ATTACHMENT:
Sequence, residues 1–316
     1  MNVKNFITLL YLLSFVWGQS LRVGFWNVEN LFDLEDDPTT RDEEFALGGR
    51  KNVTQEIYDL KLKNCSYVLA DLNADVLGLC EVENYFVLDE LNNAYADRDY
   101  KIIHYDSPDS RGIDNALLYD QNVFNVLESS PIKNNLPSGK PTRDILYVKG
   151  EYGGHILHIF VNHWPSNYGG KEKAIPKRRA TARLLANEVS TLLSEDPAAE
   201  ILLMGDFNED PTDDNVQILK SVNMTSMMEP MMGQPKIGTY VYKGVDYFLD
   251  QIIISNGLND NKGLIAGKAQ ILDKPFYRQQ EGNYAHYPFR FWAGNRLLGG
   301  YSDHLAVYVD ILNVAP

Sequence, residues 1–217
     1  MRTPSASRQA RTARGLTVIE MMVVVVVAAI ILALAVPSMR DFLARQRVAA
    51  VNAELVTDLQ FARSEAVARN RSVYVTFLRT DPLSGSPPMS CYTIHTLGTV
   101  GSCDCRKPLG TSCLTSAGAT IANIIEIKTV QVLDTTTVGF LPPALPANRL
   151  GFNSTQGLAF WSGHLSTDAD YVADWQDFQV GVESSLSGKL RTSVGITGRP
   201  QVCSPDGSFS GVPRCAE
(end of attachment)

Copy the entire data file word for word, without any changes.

Sequence, residues 1–316
     1  MNVKNFITLL YLLSFVWGQS LRVGFWNVEN LFDLEDDPTT RDEEFALGGR
    51  KNVTQEIYDL KLKNCSYVLA DLNADVLGLC EVENYFVLDE LNNAYADRDY
   101  KIIHYDSPDS RGIDNALLYD QNVFNVLESS PIKNNLPSGK PTRDILYVKG
   151  EYGGHILHIF VNHWPSNYGG KEKAIPKRRA TARLLANEVS TLLSEDPAAE
   201  ILLMGDFNED PTDDNVQILK SVNMTSMMEP MMGQPKIGTY VYKGVDYFLD
   251  QIIISNGLND NKGLIAGKAQ ILDKPFYRQQ EGNYAHYPFR FWAGNRLLGG
   301  YSDHLAVYVD ILNVAP

Sequence, residues 1–217
     1  MRTPSASRQA RTARGLTVIE MMVVVVVAAI ILALAVPSMR DFLARQRVAA
    51  VNAELVTDLQ FARSEAVARN RSVYVTFLRT DPLSGSPPMS CYTIHTLGTV
   101  GSCDCRKPLG TSCLTSAGAT IANIIEIKTV QVLDTTTVGF LPPALPANRL
   151  GFNSTQGLAF WSGHLSTDAD YVADWQDFQV GVESSLSGKL RTSVGITGRP
   201  QVCSPDGSFS GVPRCAE